My Old Backpack

19 Jan

I’m saying goodbye to an old friend–my trusty gray backpack. It seems silly to make such a connection to an inanimate object, but as my wife says, “Never take the love of an inanimate object for granted.”

It’s one of my wife’s maxims. Certainly that was the case when my kids were younger. My son Asher had a blue blanket that he clung to so much he ripped it to shreds, but at 2 years old, he still held onto those shreds when we went on an airplane ride. Unfortunately, being two, he tended to throw his stuff around (actually, he still does), and then we couldn’t find it when we had to leave the aircraft. He cried for hours and it took a while.

Mind you, my kids still have their stufties (when did that become the accepted term?) and sleep with them every night. But although they’d feel sadness at their departure, it wouldn’t be a big crying fit.

My backpack and I have shed blood together, we’ve travelled over many miles, and hauled my weight all across Arizona. I had to order it special because most backpacks can’t hold my colossal 18″ screen laptop. (This is not a humble brag–my job has a lot of video production, so it was either get a gaming computer or an Apple. Since I don’t like Apple computers, there ya go.) It didn’t just hold my computer–it held everything. The mouse, the power plug, the flash drives, the spare change I liberated for extra cash, the plastic forks which come in handy at the strangest of times, and the paper copy of Sudoku when you don’t wanna use the app on your phone.

It was with me when the brakes fails on my bicycle, went caroming into the pavement, and broke my shoulder. So when one of its zippers broke, I didn’t abandon it. I just adjusted how and what I carried. However, time is the great equalizer, and soon it was two, then three zippers broken. I still carried this backpack through even when the main reason for using it–the laptop pouch–broke its zipper. I looped a bit of rope with a lark’s head knot and kept it in place.

When the last zipper broke, though, that was the end. It simply couldn’t hold anything. For a while, I just shoved my stuff into a supermarket bag and carried it, but I finally accepted I needed a new backpack. So I bought the exact same model, so I knew exactly where to shove everything, but even when I got it in the mail… it still took a week before I deigned to open the package and transfer everything. It seemed wrong to do that to my backpack, but my backpack understood–it couldn’t keep working.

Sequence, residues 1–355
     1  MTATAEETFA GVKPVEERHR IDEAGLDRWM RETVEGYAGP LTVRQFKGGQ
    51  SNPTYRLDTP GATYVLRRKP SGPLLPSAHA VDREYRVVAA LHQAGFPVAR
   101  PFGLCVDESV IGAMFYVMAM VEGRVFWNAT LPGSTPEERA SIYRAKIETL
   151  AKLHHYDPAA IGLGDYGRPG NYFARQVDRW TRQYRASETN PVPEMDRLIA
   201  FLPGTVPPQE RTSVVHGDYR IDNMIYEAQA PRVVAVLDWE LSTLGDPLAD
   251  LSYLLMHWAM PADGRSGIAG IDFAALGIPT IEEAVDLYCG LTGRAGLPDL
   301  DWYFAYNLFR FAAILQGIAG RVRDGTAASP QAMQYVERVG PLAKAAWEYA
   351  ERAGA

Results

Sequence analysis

I wish I could have given it a Viking burial, but that would have taken me getting some gasoline, hiring some reenactors, and give the speech from The 13th Warrior. But in the end, I simply dumped it in the garbage. I’m sure its successor will serve me just as well, and considering it’s silent right now, I’m sure that means he agrees. 🙂

Do you take the love of an inanimate object for granted? Do you treat your car with love or is it simply a tool? Is the keyboard you’re using have a certain style or is it interchangeable? Let me know in the comments below!

4 Responses to “My Old Backpack”

  1. Rob Alberts January 19, 2021 at 10:01 am #

    Several backpacks in my home.
    Some still in use, some just stored.
    Kind regards,

  2. rebecca s revels January 19, 2021 at 2:29 pm #

    I have several backpacks. One which my husband purchased for me a couple of years before his passing. It is kept safe. I have one that I carry when I go hiking with my dog. I best not even look at that bag when Bella is around, otherwise..we’re going hiking. I believe though that many of us do form an attachment to certain things. Currently, my Jeep is tucked in for the night, covered with old bed sheets. Why? to keep the feral cats off of my Star.

  3. rajanisingh885721172 January 20, 2021 at 6:40 am #

    Fabulous blog

  4. kunalbaisla February 24, 2021 at 6:11 am #

    Buy a holographic backpack online in India that matches your style & your budget. Holographic Backpacks are the new style statement explorer best collection

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